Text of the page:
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If you gave them the equivalent of a modern university education in physics, you most probably could.
There is very little that's actually difficult about relativity or
quantum mechanics at the purely conceptual level. Anybody can pick up
the basics from countless books written for the public if they
like. The true difficulty is technical. You cannot join the scientific
conversation without a mastery of Riemannian geometry or operator
theory, and these take many years to approach.
Yet the technical aspects are only used to actually solve problems,
and in principle one is free to solve a problem any way one likes.
I would claim that with nothing but the purely conceptual foundation of
the modern theories, such as could be explained in an evening,
the likes of Huygens and Newton would have had no difficulty
in solving real problems. They did so with the problems of their day after all, which were
just as vaguely expressed.
Their solutions would have looked nothing like what we expect to see today of course,
but would have been solutions nevertheless.
$E(X_t|F_s) = X_s,\quad t > s$
Heck, in Newton's case, you'd have to explain electrostatics before you could even get started on QM, and electrodynamics and electromagnetism before you could get very far. And I would claim that electromagnetism in particular is impossible to understand until and unless you're familiar with PDEs, because you have to be able to quantify the positive and negative feedbacks in order to even give a qualitative description of the system's behaviour.
Friends come and go. Enemies accumulate.
I would disagree. There is an entire conceptual apparatus that developed with
17th-19th century mathematical physics - generator functions, matrix algebra,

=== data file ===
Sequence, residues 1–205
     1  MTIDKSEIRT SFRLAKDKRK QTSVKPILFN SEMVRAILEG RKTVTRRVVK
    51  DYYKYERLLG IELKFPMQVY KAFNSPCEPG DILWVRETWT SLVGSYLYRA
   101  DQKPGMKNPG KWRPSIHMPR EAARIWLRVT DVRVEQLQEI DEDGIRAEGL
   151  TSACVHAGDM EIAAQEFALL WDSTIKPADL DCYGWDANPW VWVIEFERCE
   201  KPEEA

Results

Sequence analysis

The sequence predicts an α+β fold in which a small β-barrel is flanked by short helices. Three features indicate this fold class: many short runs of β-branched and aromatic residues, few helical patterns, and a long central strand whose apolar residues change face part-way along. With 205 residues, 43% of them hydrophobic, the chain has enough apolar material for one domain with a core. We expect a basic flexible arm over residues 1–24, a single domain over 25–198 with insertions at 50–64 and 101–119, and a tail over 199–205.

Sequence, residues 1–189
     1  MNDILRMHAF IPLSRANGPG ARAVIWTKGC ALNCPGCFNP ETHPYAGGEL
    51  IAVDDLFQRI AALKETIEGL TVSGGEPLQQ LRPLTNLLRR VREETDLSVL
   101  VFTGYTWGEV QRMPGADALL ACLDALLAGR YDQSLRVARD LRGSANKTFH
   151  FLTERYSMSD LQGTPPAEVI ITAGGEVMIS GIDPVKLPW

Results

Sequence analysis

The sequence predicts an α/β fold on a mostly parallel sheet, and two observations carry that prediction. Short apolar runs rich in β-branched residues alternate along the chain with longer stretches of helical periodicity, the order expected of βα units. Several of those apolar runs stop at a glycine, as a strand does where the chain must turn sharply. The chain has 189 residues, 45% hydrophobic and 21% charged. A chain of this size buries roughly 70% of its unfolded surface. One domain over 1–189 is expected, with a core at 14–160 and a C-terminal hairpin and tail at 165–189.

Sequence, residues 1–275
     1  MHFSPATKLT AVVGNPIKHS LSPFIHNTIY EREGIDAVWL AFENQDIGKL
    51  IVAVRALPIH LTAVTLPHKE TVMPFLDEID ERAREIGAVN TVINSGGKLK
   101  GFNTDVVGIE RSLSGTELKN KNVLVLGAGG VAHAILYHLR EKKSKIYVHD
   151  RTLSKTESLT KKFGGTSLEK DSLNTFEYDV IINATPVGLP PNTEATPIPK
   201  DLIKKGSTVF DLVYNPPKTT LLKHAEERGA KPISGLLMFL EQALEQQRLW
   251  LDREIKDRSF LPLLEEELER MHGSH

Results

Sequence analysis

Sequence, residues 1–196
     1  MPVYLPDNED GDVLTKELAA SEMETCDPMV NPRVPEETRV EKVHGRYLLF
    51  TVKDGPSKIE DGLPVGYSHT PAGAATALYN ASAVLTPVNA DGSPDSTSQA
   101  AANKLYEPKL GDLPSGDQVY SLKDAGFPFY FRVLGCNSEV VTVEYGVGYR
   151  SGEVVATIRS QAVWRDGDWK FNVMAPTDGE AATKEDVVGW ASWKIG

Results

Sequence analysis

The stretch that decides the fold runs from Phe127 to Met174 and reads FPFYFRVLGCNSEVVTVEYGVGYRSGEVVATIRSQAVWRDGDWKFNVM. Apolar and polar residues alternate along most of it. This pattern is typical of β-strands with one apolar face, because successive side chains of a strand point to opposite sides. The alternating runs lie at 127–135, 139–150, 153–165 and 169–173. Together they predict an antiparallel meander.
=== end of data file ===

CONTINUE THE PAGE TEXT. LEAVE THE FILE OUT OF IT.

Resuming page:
vector calculus - etc. I don't see how you can make meaningful predictions in
QM outside that framework.
Electrostatics is actually a bad example to use, precisely because the theory is mathematically identical to
Newtonian gravity. Even relativity would have been no problem to these guys. Einstein's contribution, while crucial,
is technically really very small, as it amounts to doing hyperbolic geometry instead of the Euclidean one. Newton
knew more about conics than most mathematicians probably do today.
As to making useful predictions in QM without these methods, remember that matrix mechanics is only Heisenberg's
picture. The Schroedinger picture is about wave equations, which had already been worked out in the middle of the
17th century by Euler and the Bernoulli gang.
$E(X_t|F_s) = X_s,\quad t > s$
Netwon would have been a pig to persuade, but I doubt he would have had problems with the theory. Every year hundreds of ordinarily talented undergrads work their way through the basics without falling off anything tall and hurting themselves, so a genius really wouldn't find it difficult.
Ed Witten of string theory fame apparently worked through an entire three year undergrad physics curriculum over a summer holiday - competently enough to enrol as an applied maths postgrad, even though his original major was history, and he was planning to be a political journalist.
He may have had help from his father, who was another theorist. But even so.
He also lasted one term as an economics wannabe, which may or may not say something relevant and interesting about economics.
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